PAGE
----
A project in the Meridian region is looking to tackle the problem of high rates of drug and alcohol abuse in seaside towns more effectively.
A group called Reformed East Sussex are drawing on their own experiences of crime and addiction to help others build a brighter future.
Overcoming substance abuse is a journey the group's CEO, Charmaine Sewell, has successfully made herself.
She says "There's a lot of people that want to change and want to make something of their lives. None of us wake up and think 'I'm going to be a criminal'. It's due to circumstances, addiction or environment."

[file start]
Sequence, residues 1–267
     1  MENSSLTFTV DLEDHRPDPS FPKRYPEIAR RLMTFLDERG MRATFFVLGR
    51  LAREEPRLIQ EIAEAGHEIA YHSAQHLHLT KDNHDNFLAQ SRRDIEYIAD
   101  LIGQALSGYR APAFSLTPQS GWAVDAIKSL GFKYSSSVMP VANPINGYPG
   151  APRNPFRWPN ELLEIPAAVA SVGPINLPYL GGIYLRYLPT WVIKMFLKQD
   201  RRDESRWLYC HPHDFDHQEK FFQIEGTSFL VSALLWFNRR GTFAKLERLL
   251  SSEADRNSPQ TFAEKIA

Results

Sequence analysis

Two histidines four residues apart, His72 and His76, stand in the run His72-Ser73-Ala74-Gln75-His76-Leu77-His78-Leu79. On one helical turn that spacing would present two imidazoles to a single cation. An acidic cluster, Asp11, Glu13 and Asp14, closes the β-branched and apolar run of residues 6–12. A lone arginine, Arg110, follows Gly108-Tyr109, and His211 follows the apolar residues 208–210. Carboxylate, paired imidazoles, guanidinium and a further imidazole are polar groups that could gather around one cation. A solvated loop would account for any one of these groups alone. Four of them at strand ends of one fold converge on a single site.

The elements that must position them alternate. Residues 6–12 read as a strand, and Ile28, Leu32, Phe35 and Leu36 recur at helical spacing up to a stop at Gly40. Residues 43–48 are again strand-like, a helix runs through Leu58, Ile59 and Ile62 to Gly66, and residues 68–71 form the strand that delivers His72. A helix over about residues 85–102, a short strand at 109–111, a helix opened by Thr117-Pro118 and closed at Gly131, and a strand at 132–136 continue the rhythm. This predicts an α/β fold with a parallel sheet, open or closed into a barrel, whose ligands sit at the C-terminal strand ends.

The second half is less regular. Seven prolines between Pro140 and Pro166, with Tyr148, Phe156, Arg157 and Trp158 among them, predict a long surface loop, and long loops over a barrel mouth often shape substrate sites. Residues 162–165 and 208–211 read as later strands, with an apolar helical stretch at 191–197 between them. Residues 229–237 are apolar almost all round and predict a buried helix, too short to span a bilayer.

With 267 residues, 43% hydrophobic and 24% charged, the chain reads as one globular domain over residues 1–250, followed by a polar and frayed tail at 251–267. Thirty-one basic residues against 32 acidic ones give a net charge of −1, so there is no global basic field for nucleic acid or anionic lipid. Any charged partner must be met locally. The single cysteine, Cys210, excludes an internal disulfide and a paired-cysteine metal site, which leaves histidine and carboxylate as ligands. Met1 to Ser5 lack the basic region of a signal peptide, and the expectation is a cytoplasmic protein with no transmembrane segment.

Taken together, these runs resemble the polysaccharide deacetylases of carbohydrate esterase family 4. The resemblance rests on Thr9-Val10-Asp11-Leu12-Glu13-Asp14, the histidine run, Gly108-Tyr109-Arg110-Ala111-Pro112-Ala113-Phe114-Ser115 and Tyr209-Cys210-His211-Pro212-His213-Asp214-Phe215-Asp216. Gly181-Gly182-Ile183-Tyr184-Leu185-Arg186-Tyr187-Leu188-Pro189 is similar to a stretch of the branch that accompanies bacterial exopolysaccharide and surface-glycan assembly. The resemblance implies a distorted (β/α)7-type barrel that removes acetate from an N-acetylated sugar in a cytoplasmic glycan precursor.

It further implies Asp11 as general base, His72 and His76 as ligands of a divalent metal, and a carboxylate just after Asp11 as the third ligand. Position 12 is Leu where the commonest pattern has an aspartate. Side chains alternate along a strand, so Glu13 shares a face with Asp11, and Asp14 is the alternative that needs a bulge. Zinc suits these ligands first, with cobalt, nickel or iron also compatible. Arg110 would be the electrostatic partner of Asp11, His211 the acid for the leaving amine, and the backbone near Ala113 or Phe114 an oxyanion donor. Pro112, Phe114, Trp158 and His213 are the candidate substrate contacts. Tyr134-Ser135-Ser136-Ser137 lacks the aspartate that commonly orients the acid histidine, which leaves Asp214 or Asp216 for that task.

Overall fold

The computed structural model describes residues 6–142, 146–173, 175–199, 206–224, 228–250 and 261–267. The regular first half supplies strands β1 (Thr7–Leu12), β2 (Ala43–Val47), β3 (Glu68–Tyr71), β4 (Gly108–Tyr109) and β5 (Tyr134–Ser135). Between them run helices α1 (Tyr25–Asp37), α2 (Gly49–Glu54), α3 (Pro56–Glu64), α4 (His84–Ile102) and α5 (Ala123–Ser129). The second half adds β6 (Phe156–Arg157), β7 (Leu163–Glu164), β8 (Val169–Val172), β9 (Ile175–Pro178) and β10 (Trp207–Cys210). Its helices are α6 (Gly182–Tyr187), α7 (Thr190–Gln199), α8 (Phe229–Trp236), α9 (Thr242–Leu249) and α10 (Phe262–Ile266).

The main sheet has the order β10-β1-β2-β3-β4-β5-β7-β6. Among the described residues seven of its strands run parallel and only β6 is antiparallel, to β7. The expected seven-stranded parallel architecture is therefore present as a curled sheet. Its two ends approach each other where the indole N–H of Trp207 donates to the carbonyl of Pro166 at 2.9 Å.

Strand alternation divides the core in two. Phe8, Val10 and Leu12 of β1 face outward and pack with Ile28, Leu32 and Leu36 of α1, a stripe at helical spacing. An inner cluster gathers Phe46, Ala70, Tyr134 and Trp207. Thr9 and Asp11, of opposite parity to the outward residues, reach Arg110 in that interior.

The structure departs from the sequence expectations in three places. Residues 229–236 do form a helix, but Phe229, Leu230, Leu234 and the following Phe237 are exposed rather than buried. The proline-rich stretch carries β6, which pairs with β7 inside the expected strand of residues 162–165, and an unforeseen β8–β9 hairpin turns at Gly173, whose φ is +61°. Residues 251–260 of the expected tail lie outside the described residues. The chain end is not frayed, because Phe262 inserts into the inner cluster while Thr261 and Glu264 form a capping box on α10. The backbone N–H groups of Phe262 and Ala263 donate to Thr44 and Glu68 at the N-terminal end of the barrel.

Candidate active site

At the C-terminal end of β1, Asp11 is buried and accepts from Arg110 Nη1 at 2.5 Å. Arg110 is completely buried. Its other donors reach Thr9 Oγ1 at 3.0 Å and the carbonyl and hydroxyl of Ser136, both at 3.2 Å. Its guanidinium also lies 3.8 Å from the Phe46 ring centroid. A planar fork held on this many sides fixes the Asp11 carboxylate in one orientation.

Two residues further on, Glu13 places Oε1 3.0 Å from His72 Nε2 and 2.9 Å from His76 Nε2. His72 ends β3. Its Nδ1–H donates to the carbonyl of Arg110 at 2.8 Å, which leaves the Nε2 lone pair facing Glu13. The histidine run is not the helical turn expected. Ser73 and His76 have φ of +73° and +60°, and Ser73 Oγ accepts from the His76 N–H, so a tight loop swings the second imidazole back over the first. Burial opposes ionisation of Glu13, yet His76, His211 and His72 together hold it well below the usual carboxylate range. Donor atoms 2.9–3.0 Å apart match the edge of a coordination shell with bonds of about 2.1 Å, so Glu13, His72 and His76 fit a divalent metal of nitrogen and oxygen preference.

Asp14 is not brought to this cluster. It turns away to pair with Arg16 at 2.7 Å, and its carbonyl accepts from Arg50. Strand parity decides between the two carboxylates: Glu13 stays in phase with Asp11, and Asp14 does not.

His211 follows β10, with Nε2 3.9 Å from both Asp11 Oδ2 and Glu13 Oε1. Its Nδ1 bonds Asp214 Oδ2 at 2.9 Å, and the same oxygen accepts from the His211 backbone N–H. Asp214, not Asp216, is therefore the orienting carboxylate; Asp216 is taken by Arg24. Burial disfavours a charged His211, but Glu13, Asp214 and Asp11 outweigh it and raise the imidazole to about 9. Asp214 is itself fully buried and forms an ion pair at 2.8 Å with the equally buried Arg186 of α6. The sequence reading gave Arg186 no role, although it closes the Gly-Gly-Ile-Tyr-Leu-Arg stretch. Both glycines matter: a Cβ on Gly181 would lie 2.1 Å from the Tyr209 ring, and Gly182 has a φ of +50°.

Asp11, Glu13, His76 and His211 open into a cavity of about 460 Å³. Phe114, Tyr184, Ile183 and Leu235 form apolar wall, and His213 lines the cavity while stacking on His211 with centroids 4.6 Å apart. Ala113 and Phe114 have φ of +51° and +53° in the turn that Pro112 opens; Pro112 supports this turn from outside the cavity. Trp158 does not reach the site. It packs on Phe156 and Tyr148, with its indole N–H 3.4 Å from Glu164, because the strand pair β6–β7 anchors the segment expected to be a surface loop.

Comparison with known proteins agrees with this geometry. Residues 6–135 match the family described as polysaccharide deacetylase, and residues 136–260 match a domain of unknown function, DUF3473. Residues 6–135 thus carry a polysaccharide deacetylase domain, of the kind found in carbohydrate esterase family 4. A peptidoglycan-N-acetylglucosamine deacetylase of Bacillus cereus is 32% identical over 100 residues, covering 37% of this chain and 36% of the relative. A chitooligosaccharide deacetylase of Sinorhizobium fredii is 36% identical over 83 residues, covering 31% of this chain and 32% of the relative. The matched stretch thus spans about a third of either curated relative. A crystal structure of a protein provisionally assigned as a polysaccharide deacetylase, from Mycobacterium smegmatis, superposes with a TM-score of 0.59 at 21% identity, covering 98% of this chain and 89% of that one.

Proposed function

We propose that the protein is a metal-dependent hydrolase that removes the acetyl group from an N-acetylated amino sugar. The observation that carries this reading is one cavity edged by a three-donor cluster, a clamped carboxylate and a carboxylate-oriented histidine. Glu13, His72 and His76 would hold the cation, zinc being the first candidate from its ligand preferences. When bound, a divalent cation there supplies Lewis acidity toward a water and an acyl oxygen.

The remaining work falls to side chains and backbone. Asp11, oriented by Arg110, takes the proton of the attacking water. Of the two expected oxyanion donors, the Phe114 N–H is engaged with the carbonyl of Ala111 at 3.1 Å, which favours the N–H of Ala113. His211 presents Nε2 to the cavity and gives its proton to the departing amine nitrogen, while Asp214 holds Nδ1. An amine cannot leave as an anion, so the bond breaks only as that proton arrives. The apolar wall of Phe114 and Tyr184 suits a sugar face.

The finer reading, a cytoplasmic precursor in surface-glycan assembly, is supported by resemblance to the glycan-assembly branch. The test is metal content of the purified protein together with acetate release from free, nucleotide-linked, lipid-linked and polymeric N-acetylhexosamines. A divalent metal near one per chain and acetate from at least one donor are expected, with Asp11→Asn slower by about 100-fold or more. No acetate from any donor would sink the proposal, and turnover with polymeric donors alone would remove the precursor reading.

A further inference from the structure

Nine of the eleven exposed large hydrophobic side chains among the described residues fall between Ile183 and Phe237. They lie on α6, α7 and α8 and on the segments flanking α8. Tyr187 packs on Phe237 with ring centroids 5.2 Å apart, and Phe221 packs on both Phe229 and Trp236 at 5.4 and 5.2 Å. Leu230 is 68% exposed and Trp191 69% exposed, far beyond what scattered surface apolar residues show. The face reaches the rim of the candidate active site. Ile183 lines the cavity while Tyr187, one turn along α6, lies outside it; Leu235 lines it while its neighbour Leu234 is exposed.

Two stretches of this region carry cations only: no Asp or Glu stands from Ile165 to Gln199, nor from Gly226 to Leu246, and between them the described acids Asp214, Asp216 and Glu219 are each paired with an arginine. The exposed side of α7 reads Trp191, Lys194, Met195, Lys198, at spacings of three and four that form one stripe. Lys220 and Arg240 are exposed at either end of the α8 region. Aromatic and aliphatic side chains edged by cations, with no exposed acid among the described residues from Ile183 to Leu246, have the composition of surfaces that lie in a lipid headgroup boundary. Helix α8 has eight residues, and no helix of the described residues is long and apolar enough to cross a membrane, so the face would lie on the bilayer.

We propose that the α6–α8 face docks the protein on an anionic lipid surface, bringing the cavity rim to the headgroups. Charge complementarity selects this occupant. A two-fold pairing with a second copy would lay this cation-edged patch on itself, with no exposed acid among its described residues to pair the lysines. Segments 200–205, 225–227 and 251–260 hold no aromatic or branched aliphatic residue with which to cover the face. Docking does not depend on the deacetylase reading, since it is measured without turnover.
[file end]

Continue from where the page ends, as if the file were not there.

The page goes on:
She's now helping other ex-offenders through the project.
Since it was set up in 2015, Reformed East Sussex has helped almost 600 people with education, training, and employment, however funding is an ongoing challenge.
On Monday 24th June, the Police and Crime Commissioner awarded the project £15,000 to help it continue its groundbreaking work.
Katy Bourne, Sussex Police & Crime Commissioner says: "They're going to be working with men and women and helping them find somewhere to live, helping them train to get new jobs, and that's really important that they then integrate back into society and become regular citizens like everyone else. That also prevents re-offending and prevents future victims."
Reformed East Sussex is not a charity, but a Community Interest Company.
Taking a proactive approach to securing its own future, it has set up a cleaning business next door to its offices.
It employs ex-offenders, and ploughs all the profits back into its rehabilitation work.
- Watch Malcolm Shaw's report below